PainScience.com Sensible advice for aches, pains & injuries
 
 
bibliography * The PainScience Bibliography contains plain language summaries of thousands of scientific papers and others sources, like a specialized blog. This page is about a single scientific paper in the bibliography, Malanga 2015.

Heat & cold need much more study, but heat shows promise

updated
Malanga GA, Yan N, Stark J. Mechanisms and efficacy of heat and cold therapies for musculoskeletal injury. Postgrad Med. 2015 Jan;127(1):57–65. PubMed #25526231.
Tags: ice heat, injury, DOMS, rehab, pain problems, self-treatment, treatment, exercise, inflammation, muscle

PainSci summary of Malanga 2015?This page is one of thousands in the PainScience.com bibliography. It is not a general article: it is focused on a single scientific paper, and it may provide only just enough context for the summary to make sense. Links to other papers and more general information are provided at the bottom of the page, as often as possible. ★★★☆☆?3-star ratings are for typical studies with no more (or less) than the usual common problems. Ratings are a highly subjective opinion, and subject to revision at any time. If you think this paper has been incorrectly rated, please let me know.

Although it’s 2015, “most recommendations for the use of heat and cold therapy are based on empirical experience,” not evidence, because the only evidence we have is still “limited.” Malinga, Yang, and Stark review the alleged benefits of heat and cold: pain relief for both, of course, plus ice reduces “blood flow, edema, inflammation, muscle spasm, and metabolic demand,” while heating increases “blood flow, metabolism, and elasticity of connective tissues.” Even these aren’t well-tested, and there are other possibilities that haven’t been tested at all.

Based on a handful of relevant trials, they concluded that “heat-wrap therapy provides short-term reductions in pain and disability in patients with acute low back pain and provides significantly greater pain relief of DOMS than does cold therapy.”

But the main take-home message from this paper is just “much more study needed.”

original abstractAbstracts here may not perfectly match originals, for a variety of technical and practical reasons. Some abstacts are truncated for my purposes here, if they are particularly long-winded and unhelpful. I occasionally add clarifying notes. And I make some minor corrections.

Nonpharmacological treatment strategies for acute musculoskeletal injury revolve around pain reduction and promotion of healing in order to facilitate a return to normal function and activity. Heat and cold therapy modalities are often used to facilitate this outcome despite prevalent confusion about which modality (heat vs cold) to use and when to use it. Most recommendations for the use of heat and cold therapy are based on empirical experience, with limited evidence to support the efficacy of specific modalities. This literature review provides information for practitioners on the use of heat and cold therapies based on the mechanisms of action, physiological effects, and the medical evidence to support their clinical use. The physiological effects of cold therapy include reductions in pain, blood flow, edema, inflammation, muscle spasm, and metabolic demand. There is limited evidence from randomized clinical trials (RCTs) supporting the use of cold therapy following acute musculoskeletal injury and delayed-onset muscle soreness (DOMS). The physiological effects of heat therapy include pain relief and increases in blood flow, metabolism, and elasticity of connective tissues. There is limited overall evidence to support the use of topical heat in general; however, RCTs have shown that heat-wrap therapy provides short-term reductions in pain and disability in patients with acute low back pain and provides significantly greater pain relief of DOMS than does cold therapy. There remains an ongoing need for more sufficiently powered high-quality RCTs on the effects of cold and heat therapy on recovery from acute musculoskeletal injury and DOMS.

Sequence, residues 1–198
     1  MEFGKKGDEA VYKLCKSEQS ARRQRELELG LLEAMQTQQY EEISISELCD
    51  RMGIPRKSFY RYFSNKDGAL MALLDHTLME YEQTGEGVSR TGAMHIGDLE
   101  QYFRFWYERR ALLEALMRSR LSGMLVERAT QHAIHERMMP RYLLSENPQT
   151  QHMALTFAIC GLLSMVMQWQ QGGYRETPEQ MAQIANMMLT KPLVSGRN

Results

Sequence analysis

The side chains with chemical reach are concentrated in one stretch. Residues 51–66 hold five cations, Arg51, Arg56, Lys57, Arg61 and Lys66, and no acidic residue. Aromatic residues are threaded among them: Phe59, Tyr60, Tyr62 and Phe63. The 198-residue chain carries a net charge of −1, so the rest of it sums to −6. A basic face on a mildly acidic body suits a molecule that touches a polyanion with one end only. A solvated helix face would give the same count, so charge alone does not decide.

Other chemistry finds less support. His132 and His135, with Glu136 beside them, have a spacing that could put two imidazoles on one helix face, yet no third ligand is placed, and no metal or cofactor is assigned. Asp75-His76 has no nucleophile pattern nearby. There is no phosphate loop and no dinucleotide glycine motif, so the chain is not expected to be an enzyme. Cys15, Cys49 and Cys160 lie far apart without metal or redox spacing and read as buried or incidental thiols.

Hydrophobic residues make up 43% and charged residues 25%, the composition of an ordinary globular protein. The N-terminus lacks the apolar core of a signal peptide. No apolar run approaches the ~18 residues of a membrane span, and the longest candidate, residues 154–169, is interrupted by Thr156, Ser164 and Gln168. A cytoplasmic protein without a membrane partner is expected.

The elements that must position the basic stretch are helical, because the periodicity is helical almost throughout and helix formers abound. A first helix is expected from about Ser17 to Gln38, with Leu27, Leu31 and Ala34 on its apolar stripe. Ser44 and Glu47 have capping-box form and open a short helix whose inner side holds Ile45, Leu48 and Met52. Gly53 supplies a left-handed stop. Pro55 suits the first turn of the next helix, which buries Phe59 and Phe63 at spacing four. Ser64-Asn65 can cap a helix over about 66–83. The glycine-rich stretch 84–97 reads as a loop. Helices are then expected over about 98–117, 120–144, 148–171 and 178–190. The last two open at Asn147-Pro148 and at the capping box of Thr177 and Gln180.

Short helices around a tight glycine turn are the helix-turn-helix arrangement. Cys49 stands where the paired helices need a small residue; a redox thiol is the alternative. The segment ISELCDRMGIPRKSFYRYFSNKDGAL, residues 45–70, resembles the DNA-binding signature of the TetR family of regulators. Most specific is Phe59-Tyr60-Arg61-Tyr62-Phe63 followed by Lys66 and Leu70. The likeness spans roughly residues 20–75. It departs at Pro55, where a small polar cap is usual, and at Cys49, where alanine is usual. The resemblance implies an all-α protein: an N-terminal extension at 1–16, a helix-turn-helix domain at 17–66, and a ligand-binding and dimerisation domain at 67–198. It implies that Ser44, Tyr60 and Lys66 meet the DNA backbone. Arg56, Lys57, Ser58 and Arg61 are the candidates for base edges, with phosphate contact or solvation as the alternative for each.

related content

One article on PainScience.com cites Malanga 2015 as a source:


This page is part of the PainScience BIBLIOGRAPHY, which contains plain language summaries of thousands of scientific papers & others sources. It’s like a highly specialized blog. A few highlights: